Abbreviation: hBMSCs, human bone marrow-derived mesenchymal stem cells.

MTT and alkaline phosphatase assays

The MTT assay (Figure 8) showed that the scaffolds were not cytotoxic. A significant (P ≤ 0.01) increase in activity was observed in PCL-RNP and PCL-Res compared with PCL (the positive control). This is due to the proliferative effect of resveratrol on hBMSCs. A previous study also reported a dose-dependent proliferative effect of resveratrol.12 In addition, the BCIP-NBT assay showed that alkaline phosphatase activity was significantly increased in PCL-RNP (Figure 9) compared with the positive control by 1.62-fold (P ≤ 0.001) and 1.42-fold (P ≤ 0.001) on day 8 and day 12, respectively. PCL-Res showed a significant increase of 1.6-fold (P ≤ 0.001) and 1.4-fold (P ≤ 0.001) on day 8 and day 12, respectively, compared with the positive control. The results obtained imply that PCL-RNP was as potent as PCL-Res in inducing alkaline phosphatase activity. A previous study observed increased alkaline phosphatase activity over a wide range of concentrations (10−6 to 10−5 M) of resveratrol.1215 Hence, for a scaffold to be bioactive, the concentration of resveratrol release needs to be in the range of 10−11 M to 5 μM.12 Alkaline phosphatase is a key early marker in bone formation and differentiation of mesenchymal stem cells into an osteoblastic lineage. Hence, the increase in alkaline phosphatase activity induced by PCL-RNP confirms that release of resveratrol is within the desired range, which further suggests that PCL-RNP is osteoinductive.

Figure 8 MTT assay on day 7 of cell seeding on scaffolds shows significantly increased activity of cells in PCL-RNP (P ≤ 0.01) and PCL-Res (P ≤ 0.01) compared with the positive and negative PCL controls.
Abbreviations: PCL, polycaprolactone; RNP, resveratrol-loaded albumin nanoparticles; Res, resveratrol.

Figure 9 Alkaline phosphatase assay showing fold increase against PCL (positive control) activity taken as 100%. (A) Alkaline phosphatase assayed on day 8 shows significantly increased activity in PCL-RNP (P ≤ 0.001) and PCL-Res (P ≤ 0.001) compared with PCL (positive control) and (B) on day 12 of culture on scaffolds shows significantly increased activity in PCL-RNP (P ≤ 0.001) and PCL-Res (P ≤ 0.001) compared with PCL (positive control).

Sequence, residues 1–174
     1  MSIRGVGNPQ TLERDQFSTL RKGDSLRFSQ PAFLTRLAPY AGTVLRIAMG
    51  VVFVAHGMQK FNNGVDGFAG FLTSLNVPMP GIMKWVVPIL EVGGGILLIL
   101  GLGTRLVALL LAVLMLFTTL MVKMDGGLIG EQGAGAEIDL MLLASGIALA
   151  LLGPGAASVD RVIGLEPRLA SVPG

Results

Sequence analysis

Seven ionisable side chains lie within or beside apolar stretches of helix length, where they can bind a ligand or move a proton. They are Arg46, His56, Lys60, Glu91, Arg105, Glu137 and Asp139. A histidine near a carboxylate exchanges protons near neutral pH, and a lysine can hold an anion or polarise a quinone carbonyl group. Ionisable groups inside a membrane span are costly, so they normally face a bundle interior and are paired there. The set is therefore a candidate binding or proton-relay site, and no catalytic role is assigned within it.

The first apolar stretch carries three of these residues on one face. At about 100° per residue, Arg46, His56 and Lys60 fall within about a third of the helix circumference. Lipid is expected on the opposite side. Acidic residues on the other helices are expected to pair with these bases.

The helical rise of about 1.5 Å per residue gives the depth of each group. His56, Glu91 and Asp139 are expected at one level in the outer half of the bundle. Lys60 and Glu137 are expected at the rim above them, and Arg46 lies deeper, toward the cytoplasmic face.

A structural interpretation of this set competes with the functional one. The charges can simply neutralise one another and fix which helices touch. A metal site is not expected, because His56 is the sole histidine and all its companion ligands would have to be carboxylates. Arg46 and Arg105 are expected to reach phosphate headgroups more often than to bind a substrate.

Note: Positive control, cell culture done on PCL scaffold in osteogenic medium; negative control, cell culture done on PCL scaffold in DMEM-LG medium.
Abbreviations: PCL, polycaprolactone; RNP, resveratrol-loaded albumin nanoparticles; Res, resveratrol; DMEM-LG, Dulbecco’s Minimum Essential Medium-Low Glucose.

von Kossa staining of mineralized scaffolds

Calcium deposits in PCL-RNP, PCL-Res, and PCL (positive control) were compared and determined by von Kossa staining. The results showed increased calcium deposition in PCL-RNP and PCL-Res compared with the positive control (Figure 10). Further, the calcium deposits were present uniformly throughout the sections of PCL-RNP, PCL-Res, and the positive control. These results indicate the mineralizing and osteogenic properties of PCL-RNP. A previous report also suggested increased mineralization in nanofibers releasing resveratrol.12 However, this is the first report of sustained release of resveratrol from three-dimensional porous solid scaffolds. PCL-RNP could also be synthesized and fabricated into desired dimensions. The therapeutic potential, straightforward synthesis, and fabrication process for PCL-RNP is highly prognostic for its use in grafts for fractures with large bone loss.

Figure 10 von Kossa stained scaffolds showing calcium deposits as black-colored patches with 250× magnification. (A) PCL (positive control), (B) PCL (negative control), (C) PCL-RNP, and (D) PCL-Res.
Note: Positive control, cell culture done on PCL scaffold in osteogenic medium; negative control, cell culture done on PCL scaffold in DMEM-LG medium.
Abbreviations: PCL, polycaprolactone; RNP, resveratrol-loaded albumin nanoparticles; Res, resveratrol; DMEM-LG, Dulbecco’s Minimum Essential Medium-Low Glucose.

Conclusion

In this study, resveratrol was released from scaffolds in a sustained manner. Resveratrol was also amorphized due to its entrapment in nanoparticles, which increased the dissolution of resveratrol. Drug release from PCL-RNP was sustained for 12 days, with a total release of 64%. PCL-RNP was potent in increasing proliferation, induction of alkaline phosphatase, and mineralization. This study emphasizes the use of bioactive small molecules obtained from plant sources for targeting in bone tissue engineering. Prolonged release of these bioactive molecules can potentially overcome the adverse effects elicited by therapeutic delivery of certain indigenous growth factors. To conclude, prolonged release of resveratrol from PCL-RNP is highly desirable in bone tissue engineering because it is osteoconductive and osteoinductive, and promotes osteogenesis.

Acknowledgments

This work was funded by SRM University. We sincerely thank the Nanotechnology Research Centre, SRM University, for providing support with scanning electron microscopy, atomic force microscopy, and X-ray diffraction. The authors express their gratitude to the Dean, School of Bioengineering, SRM University, and the Head of Department of Biotechnology, SRM University, for their support.